I was taken through a locked door and introduced to the charnel house, which was incredibly eerie. I didn't actually know what a charnel house was, but it turns out it's essentially a storeroom for human remains which are removed from crypts when they become over-crowded. The coffins which take up most of the room in these scenarios (particularly when they're made of metal and lead to ward off body snatchers), are disposed of, and the larger human bones, mostly femurs and skulls, are neatly stacked in the charnel. The bones I was looking at today were medieval. It was an incredibly thought-provoking experience. All of those people had relatives and friends that grieved their passing, and yet we have no way of ever knowing who they were. Some 7000 bodies were buried on the site throughout history, a particularly obscene number of those during the cholera epidemic.
St Bride's is most unusual, however, in the fact that all 227 people who were buried under the nave, and whose bodies were disturbed when the church was bombed in the war, have been carefully catalogued and stored in boxes in the crypt for research purposes. You take a box from a shelf which, for example, might be labelled "skull," open a little book and find out that said skull belonged to a bloke called John something or other who lived at such and such address and drowned in the Thames at the age of 27. It's a remarkable resource. And what makes it even better is that the vicar understands the importance of her church, not just spiritually but socially and historically. She's a live wire who's so into historical research that she says she finds it a little odd to work in a church with no parish records to speak of. The two catastrophic fires destroyed anything of that nature. In her previous church she had great fun digging out records - particularly before weddings - so she could tell the happy couple about those who'd shared their wedding anniversary in the distant past. Christmas Day, I believe, was a very popular day on which to get married in those days. Pepys was thrilled on Christmas Day 1665 that a couple were getting married in his parish because it indicated that the long, dark days of the plague were well-and-truly over:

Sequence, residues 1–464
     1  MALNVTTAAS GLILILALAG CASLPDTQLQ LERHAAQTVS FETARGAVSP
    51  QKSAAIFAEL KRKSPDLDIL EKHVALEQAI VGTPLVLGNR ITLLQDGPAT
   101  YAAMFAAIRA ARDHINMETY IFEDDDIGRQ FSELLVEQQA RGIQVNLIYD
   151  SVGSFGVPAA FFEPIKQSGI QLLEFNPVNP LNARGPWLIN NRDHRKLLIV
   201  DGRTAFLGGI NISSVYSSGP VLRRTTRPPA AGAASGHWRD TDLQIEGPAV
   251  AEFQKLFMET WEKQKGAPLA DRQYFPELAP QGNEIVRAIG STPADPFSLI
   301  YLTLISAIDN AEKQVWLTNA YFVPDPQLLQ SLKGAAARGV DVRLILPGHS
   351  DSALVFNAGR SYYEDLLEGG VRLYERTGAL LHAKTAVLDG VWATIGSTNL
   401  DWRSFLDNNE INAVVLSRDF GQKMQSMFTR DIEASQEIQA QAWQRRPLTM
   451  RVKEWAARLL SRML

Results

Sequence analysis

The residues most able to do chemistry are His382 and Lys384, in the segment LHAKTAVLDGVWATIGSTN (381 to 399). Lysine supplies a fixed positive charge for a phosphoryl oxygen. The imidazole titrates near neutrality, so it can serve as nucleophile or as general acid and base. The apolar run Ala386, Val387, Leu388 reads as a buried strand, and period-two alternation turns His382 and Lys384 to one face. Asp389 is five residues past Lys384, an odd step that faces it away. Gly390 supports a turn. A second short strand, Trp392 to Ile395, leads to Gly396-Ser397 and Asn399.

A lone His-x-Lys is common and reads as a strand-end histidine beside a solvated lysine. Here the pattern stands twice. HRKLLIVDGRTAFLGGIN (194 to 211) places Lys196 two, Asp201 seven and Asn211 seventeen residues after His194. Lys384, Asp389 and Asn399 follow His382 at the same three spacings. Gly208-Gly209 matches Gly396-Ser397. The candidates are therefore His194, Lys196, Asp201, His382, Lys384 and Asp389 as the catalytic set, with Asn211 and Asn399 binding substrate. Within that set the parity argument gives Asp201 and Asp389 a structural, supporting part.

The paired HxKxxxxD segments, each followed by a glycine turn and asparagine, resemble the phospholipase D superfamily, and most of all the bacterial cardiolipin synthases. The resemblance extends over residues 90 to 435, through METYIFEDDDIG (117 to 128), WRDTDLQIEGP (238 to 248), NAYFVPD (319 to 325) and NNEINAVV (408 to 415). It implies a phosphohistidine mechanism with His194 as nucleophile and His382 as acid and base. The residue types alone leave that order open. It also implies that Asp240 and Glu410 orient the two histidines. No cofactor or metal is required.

"To church in the morning, and there saw a wedding, which I have not seen many a day; and the young people so merry one with another, and strange to see what delight we married people have to see these poor fools decoyed into our condition, every man and woman gazing and smiling at them."